And why our healthcare system isn’t helping

Grace sad image

We had a deal. Had created a system for when she was feeling ‘under the weather.’ In fact, it was a code for when she felt suicidal, a simple text message that used a hurricane category scale system.

If Grace was feeling blue but it wasn’t too serious, it was a Category 1. Winds were picking up and there might be some falling debris, but usually some music or a silly movie could calm things down.

If it was a Category 2 or 3, I’d start to worry. Sometimes she’d text: Category 2 … I think, maybe worse. Definitely strong. And I’d wait to hear back, hoping her foundations wouldn’t be ripped from the earth, all the while knowing she was in a dangerous sway towards a free-fall. Often a hot chocolate and a long chat would do the trick, and I would feel a swell of relief that she was stable, calm and safe.

But if it was a Category 4 or 5, things were serious. This was when the storm was rushing around her, and her fragile frame was being shaken apart, nearing total collapse. This was when she was heading for a complete ‘outage,’ where her foundations and her entire world was suddenly plunged into an all invasive darkness where nothing could escape.

There were a few rules with a Category 5. She would need to speak to Lifeline or call her dad or a friend, any hour of the day or night. Grace thought the hurricane system was a good idea. I remember her saying … “Jake, you don’t have to worry … I’m not going to do anything silly, I promise.”

The following Tuesday I received an out of the blue Skype call from a friend in London. He asked me if I was sitting down, and told me that he had been contacted by Grace’s boyfriend Peter. And then he dropped the bomb …“I’ve got some sad news man … Grace killed herself.”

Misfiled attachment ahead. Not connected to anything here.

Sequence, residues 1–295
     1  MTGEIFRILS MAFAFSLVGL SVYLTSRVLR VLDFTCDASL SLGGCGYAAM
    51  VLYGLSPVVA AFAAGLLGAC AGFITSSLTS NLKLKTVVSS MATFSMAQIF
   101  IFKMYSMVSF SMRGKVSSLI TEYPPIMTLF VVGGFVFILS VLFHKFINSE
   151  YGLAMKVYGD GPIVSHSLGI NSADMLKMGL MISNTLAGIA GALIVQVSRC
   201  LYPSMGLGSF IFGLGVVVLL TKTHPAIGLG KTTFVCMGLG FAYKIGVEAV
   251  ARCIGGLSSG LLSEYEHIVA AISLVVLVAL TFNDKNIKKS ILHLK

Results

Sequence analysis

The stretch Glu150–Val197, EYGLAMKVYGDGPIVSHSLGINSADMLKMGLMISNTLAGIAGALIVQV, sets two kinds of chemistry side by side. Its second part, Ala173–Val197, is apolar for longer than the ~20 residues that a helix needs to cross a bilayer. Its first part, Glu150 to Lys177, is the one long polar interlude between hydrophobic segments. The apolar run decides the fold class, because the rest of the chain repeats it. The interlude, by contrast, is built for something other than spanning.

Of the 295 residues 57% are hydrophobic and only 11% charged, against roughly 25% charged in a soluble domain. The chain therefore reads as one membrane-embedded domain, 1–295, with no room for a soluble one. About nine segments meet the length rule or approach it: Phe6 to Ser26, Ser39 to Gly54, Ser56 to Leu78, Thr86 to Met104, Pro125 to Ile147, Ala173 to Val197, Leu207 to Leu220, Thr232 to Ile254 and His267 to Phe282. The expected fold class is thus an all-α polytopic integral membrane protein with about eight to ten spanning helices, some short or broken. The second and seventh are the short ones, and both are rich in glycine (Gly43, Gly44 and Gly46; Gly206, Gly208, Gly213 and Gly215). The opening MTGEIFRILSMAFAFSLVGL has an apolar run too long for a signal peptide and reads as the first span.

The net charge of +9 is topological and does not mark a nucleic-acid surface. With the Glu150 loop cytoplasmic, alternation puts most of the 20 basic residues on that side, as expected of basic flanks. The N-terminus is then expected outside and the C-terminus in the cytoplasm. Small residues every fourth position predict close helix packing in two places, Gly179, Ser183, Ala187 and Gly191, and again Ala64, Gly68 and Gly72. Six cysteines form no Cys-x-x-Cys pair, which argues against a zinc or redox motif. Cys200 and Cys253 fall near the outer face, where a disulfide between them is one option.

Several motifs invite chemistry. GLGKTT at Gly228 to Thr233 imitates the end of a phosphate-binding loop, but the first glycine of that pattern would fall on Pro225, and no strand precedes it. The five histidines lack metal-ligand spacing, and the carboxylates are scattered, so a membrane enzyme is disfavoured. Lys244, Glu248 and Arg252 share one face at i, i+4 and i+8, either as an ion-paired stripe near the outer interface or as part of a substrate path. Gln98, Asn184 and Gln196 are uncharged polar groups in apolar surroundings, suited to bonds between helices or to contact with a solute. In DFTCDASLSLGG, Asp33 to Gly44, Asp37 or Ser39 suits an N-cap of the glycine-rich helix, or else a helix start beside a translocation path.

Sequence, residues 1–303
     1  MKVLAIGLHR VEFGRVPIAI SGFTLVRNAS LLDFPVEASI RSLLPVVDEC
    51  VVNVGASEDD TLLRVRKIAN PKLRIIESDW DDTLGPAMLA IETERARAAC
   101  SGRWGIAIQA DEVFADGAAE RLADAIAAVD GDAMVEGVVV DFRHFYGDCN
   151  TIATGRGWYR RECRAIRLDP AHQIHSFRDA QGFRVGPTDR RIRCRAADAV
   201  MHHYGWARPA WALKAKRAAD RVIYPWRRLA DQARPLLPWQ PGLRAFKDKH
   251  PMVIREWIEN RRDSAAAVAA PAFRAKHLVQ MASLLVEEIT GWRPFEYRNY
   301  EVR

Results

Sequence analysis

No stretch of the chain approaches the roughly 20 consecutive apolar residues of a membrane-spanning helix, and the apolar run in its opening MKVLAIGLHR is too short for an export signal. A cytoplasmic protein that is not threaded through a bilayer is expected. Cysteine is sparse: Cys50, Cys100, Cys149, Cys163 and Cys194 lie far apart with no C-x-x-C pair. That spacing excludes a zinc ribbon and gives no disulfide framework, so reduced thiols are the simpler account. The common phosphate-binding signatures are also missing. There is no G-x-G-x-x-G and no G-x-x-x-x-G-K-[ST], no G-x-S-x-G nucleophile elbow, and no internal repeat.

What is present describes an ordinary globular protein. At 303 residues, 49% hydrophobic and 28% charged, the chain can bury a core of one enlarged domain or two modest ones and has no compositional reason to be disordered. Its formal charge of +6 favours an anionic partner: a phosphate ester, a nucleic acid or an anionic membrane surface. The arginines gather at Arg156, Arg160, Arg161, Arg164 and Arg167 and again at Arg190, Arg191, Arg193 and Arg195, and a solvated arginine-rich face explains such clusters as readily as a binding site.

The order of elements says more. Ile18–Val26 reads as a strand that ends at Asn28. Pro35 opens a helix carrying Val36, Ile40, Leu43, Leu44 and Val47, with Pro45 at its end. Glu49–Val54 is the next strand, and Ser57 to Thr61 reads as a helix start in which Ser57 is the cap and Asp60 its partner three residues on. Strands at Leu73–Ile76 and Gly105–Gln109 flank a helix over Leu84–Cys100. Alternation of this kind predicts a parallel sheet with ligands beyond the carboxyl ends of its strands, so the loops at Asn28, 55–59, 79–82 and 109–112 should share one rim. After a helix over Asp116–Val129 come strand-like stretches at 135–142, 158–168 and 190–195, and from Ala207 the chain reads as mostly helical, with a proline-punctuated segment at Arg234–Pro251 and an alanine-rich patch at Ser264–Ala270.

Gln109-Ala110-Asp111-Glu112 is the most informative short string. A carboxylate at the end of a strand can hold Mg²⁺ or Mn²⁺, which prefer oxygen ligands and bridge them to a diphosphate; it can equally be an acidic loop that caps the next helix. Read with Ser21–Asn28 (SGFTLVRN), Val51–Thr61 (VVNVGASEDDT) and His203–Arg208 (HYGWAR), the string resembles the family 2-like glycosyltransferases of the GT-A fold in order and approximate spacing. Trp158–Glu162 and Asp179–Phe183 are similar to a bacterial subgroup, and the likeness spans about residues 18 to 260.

My world did two things in that moment. It spun in circles and the walls came crashing down. I hung up without a word and sat there staring at a blue screen. Gutted and in shock.

I was a week away from moving to London. One week. This was not for a holiday, this was to start a new life, to try something new. And now I had to fly to Hobart and attend my best friend’s funeral, before I even had a chance to understand what was happening.

I booked a flight and was in Hobart 2 days later. I was given bogus directions and arrived late, but eventually I discovered her family and friends gathered around a small plot at the back of the cemetery. Grace’s little sister was crying and leaning over her grave. I watched as she dropped several roses over the coffin. It was everything you would expect a funeral to be … it was even raining.

Why you should give up the need for validation

digital-man

You want to be popular, you want people to like you and that’s completely normal. Maintaining a healthy self esteem is vital. In fact, it’s becoming even more important as our society grows ever more competitive. And yet, the race towards popularity comes with some adverse side-effects, such as depression, alienation and anxiety. Being ignored can be just as painful as being rejected, and it’s exactly why external validation has become the latest ‘psychological drug,’ administered online by trained App Developers.